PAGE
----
TSA’s Document Reading, Detaining Travelers, & Lying to U.S. Supreme Court

While the 11th Circuit continues to consider my case against the nude body scanners, a different panel in the 11th Circuit has refused to reconsider — or even explain — why they allowed the TSA to get away with massive overreach and abuse in 2012 when airport screeners decided to read documents in my bags, hold me and threaten me with (false) arrest for refusing to let them “touch my junk,” and blatant and admitted lying in response to public records requests. My motion for rehearing and rehearing en banc (in front of all the judges instead of a 3 judge panel) was denied without fanfare, including a part of it that simply requested that the court explain part of their ruling.

And so, this case shall now continue to the U.S. Supreme Court. I have 90 days to file a petition to ask the high court to hear the case. The Supreme Court takes on something like 2% of the cases that it is asked to hear, but if you are with a civil rights or other organization who would be willing to file a “friend of the court” brief, you can increase our odds dramatically — get in touch. 🙂

Supreme Court petitions are expensive (printing, mailing, and filing fees alone are into 4 figures) — donations are always appreciated. (PayPal, Bitcoin: 15ftA2938sp7Mnsi8U7wYVmEtd4BRbFnkT). I’ll also be doing a video exposé of what it’s like to ask the Supreme Court to hear a case, including their Freudian policy of immediately placing all new petitions in a garbage bag (yes, seriously!).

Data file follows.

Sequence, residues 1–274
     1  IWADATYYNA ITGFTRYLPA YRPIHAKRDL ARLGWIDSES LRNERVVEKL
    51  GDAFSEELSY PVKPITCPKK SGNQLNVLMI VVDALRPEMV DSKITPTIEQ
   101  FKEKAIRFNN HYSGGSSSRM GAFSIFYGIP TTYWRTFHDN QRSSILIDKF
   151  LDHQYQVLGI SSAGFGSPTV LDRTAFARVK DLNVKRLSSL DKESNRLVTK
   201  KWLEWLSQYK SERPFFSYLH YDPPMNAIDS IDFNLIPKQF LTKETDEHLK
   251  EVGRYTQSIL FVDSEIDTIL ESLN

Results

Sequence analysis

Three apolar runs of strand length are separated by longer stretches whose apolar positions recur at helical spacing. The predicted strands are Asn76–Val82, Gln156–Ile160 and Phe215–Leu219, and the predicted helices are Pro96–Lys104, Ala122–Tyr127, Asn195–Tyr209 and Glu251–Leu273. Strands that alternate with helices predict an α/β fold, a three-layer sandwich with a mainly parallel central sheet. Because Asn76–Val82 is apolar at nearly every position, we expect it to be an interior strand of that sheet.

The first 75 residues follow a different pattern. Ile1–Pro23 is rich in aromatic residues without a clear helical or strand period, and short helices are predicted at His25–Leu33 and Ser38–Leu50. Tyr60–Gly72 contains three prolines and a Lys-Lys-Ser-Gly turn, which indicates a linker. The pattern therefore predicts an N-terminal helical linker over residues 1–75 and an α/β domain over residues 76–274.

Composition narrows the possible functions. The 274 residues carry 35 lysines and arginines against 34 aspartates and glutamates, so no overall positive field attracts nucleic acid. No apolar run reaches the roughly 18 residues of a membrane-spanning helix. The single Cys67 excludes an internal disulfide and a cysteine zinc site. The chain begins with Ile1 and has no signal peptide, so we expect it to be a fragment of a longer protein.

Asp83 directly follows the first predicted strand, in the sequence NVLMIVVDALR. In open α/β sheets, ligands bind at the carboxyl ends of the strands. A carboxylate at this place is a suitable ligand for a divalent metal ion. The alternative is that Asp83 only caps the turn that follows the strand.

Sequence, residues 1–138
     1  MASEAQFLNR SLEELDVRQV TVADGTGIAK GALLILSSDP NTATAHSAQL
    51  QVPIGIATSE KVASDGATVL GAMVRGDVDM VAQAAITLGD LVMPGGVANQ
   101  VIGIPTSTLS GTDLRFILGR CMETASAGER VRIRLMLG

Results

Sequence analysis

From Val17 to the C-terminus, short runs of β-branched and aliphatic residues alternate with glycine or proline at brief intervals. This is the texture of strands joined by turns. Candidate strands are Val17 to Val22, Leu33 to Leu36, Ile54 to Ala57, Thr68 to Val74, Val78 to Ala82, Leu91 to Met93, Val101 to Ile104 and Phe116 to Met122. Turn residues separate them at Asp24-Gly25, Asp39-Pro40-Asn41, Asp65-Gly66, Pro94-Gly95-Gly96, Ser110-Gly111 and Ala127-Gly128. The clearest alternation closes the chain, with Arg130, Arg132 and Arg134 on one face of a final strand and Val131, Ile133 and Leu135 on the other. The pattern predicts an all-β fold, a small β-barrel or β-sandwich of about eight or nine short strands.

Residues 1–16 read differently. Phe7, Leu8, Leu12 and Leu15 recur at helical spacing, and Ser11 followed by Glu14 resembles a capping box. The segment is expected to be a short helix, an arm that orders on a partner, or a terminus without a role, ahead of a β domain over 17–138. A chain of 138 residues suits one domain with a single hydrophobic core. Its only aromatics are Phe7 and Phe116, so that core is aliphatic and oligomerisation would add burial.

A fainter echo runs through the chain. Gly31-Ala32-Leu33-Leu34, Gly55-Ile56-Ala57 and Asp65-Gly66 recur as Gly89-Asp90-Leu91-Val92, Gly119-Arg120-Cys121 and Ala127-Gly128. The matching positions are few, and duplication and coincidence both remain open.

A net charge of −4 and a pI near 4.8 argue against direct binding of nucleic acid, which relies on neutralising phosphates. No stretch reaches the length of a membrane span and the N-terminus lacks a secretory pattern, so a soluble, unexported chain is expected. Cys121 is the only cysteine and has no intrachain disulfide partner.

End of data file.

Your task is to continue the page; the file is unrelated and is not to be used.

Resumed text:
6 thoughts on “TSA’s Document Reading, Detaining Travelers, & Lying to U.S. Supreme Court

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  1. Thanks John for all your hard work. Very grateful. I just put in a donation of what I can afford as well. The donation I sent is small but I hope it will help to eventually lead to something big in favor of freedom, ethics and morals all of which the corrupt government lacks.

    1. I can file the petition for the SC to hear the case pro se, but I’ve been told by attorney friends that they’d never let me do oral arguments pro se. I can’t find any rules that say I can’t, but we’ll cross that bridge when it comes.

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